Conclusion: Standards of AC and EFW are available to monitor fetal growth for pregnancy in China. Comparability with other cohorts cannot be conclusive as different analysis methods were used across studies.
Keywords: Abdominal circumference; Estimated fetal weight; Growth charts; Growth standards; Ultrasound; Chinese
AC: Abdominal Circumference; APTD: Anteriorposterior Trunk Diameter; BPD: Biparietal Diameter; CI: Confidence Interval; CRL: Crown-rump Length; EFW: Estimated Fetal Weight; FGR: Fetal Growth Restriction; FL: Femur Length; GA: Gestational Age; HC: Head Circumference; SD: Standard Deviation; SGA: Smallfor- gestational-age; TTD: Transverse Trunk Diameter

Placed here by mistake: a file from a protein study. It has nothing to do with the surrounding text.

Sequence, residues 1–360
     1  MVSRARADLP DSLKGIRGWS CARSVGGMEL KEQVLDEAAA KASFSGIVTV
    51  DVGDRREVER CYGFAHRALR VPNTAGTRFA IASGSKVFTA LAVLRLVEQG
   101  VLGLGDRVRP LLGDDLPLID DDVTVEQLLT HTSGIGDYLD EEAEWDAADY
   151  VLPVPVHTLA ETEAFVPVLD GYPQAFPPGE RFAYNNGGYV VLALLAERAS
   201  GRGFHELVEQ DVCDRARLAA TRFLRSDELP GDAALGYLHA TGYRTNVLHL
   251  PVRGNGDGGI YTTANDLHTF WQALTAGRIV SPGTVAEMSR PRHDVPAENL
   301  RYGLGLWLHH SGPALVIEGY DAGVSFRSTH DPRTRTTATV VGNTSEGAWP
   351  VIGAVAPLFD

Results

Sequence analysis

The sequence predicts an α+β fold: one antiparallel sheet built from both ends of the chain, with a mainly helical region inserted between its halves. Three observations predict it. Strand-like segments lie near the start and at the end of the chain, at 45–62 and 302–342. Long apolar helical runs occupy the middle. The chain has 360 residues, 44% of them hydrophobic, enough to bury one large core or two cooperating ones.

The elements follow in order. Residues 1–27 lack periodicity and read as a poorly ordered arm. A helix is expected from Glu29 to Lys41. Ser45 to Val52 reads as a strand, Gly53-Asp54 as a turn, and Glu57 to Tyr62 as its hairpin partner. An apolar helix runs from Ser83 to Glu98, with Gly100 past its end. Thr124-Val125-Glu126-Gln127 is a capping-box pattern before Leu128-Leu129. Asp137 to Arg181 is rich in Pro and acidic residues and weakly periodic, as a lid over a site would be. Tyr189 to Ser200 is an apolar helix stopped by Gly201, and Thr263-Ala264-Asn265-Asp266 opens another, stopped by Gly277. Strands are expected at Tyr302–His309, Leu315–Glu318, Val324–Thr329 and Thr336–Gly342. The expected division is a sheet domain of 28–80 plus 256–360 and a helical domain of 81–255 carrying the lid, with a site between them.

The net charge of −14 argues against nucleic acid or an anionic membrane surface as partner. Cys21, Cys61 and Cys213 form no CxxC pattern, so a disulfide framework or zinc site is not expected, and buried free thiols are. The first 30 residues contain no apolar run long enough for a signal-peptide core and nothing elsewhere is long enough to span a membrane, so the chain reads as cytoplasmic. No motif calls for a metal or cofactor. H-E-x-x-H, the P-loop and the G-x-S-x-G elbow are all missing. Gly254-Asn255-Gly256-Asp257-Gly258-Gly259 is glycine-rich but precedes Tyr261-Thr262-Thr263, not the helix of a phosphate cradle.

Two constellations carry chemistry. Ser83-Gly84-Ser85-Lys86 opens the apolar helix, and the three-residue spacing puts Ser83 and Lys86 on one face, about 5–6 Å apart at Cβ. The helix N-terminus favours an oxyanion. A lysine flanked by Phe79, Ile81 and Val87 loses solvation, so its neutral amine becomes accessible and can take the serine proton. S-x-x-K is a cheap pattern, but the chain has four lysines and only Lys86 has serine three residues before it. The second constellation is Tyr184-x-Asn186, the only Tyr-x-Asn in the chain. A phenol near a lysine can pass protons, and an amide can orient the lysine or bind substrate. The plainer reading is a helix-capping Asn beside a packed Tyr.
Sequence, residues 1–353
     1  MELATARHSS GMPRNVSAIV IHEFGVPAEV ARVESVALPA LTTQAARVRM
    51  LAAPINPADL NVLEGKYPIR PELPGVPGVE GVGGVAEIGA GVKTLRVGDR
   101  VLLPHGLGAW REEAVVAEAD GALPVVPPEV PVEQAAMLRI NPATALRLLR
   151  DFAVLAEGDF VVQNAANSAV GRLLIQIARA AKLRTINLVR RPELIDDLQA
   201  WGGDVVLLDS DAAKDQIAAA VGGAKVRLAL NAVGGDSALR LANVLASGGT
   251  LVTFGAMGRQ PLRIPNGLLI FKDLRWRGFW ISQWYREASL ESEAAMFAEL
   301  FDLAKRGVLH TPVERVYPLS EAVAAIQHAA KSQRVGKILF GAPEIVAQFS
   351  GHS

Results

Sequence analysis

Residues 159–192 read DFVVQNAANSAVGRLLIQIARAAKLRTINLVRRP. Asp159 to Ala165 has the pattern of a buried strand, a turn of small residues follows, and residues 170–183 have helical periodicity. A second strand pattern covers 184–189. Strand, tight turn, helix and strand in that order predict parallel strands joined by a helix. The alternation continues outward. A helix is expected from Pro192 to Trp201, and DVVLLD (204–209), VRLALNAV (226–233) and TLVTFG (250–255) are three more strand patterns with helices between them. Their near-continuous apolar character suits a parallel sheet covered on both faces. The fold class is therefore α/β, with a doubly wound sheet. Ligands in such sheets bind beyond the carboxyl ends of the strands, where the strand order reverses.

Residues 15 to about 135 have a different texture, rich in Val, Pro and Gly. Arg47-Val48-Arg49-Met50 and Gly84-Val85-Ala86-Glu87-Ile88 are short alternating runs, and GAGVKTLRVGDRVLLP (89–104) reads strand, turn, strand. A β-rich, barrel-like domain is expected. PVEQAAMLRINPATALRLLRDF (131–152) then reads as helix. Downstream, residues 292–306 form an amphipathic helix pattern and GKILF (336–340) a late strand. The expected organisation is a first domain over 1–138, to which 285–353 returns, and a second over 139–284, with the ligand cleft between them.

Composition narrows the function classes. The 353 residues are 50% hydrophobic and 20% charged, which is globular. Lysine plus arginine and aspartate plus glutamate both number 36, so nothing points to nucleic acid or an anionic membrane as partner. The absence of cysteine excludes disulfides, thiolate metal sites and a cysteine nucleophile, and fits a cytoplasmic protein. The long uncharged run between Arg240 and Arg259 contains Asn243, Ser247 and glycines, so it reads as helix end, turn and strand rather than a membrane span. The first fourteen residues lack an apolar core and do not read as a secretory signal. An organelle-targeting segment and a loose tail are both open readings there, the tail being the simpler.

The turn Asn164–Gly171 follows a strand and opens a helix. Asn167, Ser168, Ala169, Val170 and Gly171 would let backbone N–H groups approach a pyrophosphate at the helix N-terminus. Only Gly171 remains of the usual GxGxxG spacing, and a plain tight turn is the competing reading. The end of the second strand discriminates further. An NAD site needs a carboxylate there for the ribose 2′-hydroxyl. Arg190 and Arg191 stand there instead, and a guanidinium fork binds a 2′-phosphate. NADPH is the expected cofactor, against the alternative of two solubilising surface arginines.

Ultrasound measurement of fetal biometry is an important and commonly used tool in antenatal care. It measures biometric parameters such as biparietal diameter (BPD), head circumference (HC), abdominal circumference (AC) and femur length (FL). Estimated fetal weight (EFW) can be calculated based on multiple biometric parameters using established formulae . It is important not only to measure fetal biometric parameters accurately, but also to interpret the results appropriately. It helps to predict or diagnose fetal health problems.